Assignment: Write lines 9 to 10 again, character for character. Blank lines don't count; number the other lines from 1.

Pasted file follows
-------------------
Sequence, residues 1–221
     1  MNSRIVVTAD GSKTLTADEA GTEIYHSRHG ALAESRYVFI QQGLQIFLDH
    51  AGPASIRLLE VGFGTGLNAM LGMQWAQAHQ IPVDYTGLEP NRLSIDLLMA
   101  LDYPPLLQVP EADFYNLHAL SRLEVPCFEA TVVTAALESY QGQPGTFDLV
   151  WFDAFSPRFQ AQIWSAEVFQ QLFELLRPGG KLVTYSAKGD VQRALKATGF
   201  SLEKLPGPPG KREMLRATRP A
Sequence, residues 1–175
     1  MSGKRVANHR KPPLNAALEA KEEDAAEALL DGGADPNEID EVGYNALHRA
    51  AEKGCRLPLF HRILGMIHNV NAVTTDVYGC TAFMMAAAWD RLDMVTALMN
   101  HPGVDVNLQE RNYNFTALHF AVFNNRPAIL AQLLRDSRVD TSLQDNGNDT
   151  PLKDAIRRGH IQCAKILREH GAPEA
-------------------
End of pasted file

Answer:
    51  AEKGCRLPLF HRILGMIHNV NAVTTDVYGC TAFMMAAAWD RLDMVTALMN
   101  HPGVDVNLQE RNYNFTALHF AVFNNRPAIL AQLLRDSRVD TSLQDNGNDT